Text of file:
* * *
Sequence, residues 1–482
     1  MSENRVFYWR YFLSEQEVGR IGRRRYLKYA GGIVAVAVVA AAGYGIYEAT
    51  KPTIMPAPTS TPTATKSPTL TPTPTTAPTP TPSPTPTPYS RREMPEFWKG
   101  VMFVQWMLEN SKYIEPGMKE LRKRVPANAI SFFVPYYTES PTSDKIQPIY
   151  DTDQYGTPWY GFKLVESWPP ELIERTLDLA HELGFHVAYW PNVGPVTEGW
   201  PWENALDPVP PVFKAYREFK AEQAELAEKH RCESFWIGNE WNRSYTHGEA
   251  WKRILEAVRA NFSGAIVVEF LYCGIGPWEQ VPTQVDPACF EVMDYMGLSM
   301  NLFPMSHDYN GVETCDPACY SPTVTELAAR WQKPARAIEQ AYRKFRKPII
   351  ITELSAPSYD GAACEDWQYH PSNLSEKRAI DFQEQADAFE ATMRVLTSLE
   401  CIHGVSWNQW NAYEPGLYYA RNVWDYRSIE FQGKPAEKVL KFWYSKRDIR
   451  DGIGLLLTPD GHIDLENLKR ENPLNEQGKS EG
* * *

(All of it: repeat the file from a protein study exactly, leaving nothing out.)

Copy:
Sequence, residues 1–482
     1  MSENRVFYWR YFLSEQEVGR IGRRRYLKYA GGIVAVAVVA AAGYGIYEAT
    51  KPTIMPAPTS TPTATKSPTL TPTPTTAPTP TPSPTPTPYS RREMPEFWKG
   101  VMFVQWMLEN SKYIEPGMKE LRKRVPANAI SFFVPYYTES PTSDKIQPIY
   151  DTDQYGTPWY GFKLVESWPP ELIERTLDLA HELGFHVAYW PNVGPVTEGW
   201  PWENALDPVP PVFKAYREFK AEQAELAEKH RCESFWIGNE WNRSYTHGEA
   251  WKRILEAVRA NFSGAIVVEF LYCGIGPWEQ VPTQVDPACF EVMDYMGLSM
   301  NLFPMSHDYN GVETCDPACY SPTVTELAAR WQKPARAIEQ AYRKFRKPII
   351  ITELSAPSYD GAACEDWQYH PSNLSEKRAI DFQEQADAFE ATMRVLTSLE
   401  CIHGVSWNQW NAYEPGLYYA RNVWDYRSIE FQGKPAEKVL KFWYSKRDIR
   451  DGIGLLLTPD GHIDLENLKR ENPLNEQGKS EG